Now with DC about to do their own super reboot in September which almost resembles this entire idea and Marvel in kind of a strange state of existence with their titles, I’ve decided it’s time to try and do this again for shit & giggles.

My rules in 2006 were seven core titles for each company, but to be as progressive as possible.  I may be less progressive now with current interests, but I’ll keep the core 7, ignoring things such as MAX,, Ultimate Comics and such.   I’ve noticed that DC Comics is actually doing a super reboot as well, so my energies will be focused to just  MARVEL.  Still 50 titles is too many, 7 sounds just about right.  The 50 new DC titles do have some gems in the rough though. I hope you enjoy.

The Mighty Avengers by Roger Landrige and Chris Samnee.  The team that brought you The Mighty Thor bring it all back to the square one, but with a faster pace bringing in the full onslaught of all Avengers incarnations together for a book much like DC’s CURRENT version of JSA.

X-Men by Peter David and Clayton Henry.  Peter will bring his overarching, but brilliant pierced drama work of X-Factor to the more popular and well known mutants of film fame with one of the most under utilized artists in comics.

Spider-Man by Paul Tobin and Ronan Cliquet.  The writer of the Marvel Adventures version of Spidey understands the character and has created a version better than any.  While his current Matteo Lolli is fantastic, Cliquet has a dynamics needed for one of the premier titles of the universe.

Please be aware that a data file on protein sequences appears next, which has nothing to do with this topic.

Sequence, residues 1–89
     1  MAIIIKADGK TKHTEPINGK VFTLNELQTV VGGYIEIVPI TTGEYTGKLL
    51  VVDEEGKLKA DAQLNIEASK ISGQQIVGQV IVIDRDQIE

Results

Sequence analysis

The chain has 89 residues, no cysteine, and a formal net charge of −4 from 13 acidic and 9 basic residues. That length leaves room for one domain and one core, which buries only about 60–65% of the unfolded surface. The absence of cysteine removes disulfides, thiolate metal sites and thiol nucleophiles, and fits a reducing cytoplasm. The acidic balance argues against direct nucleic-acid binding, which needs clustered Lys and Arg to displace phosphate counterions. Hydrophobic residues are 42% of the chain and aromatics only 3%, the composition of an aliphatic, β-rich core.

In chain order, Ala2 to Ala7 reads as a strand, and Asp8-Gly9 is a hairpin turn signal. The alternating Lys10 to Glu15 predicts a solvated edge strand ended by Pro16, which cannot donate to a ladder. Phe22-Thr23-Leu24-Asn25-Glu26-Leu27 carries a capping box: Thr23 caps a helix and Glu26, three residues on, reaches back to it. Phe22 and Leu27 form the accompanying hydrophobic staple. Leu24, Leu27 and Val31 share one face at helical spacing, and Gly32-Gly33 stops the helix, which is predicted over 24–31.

Strange Tales by Roberto Aguirre-Sacasa and Kev Walker.  The entirety of Marvel’s supernatural forces get explored on a regular basis from the man that brought us a great miniseries about just this and the current artist of Thunderbolts.

Mysteries of the Future by Dan Slott and Paul Pelletier.  Years ago Dan Slott described to me a great Marvel future exploring paths set up in his Great Lakes Avengers books.  It’s time those ideas saw fruition and who better than an artist who can tackle humor, action and space with precision.

Cosmic by Keith Giffen, Dan Abnett & Andy Lanning and Marco Rudy.  The men who made Nova, Silver Surfer and more into the best things ever combine their writing efforts with another amazing, but underutilized current DC artist to bring the best the Beyond can bring.

Fantastic Family by Jonathan Hickman and Jimmy Cheung.  Hickman has proven himself with these characters and should be given the chance to reimagine them from scratch with an A-list artist who is also bar none one of the best in the biz and the World’s Greatest Comics Magazine deserves such.

To see my much more radical ideas from 2006, check out this link.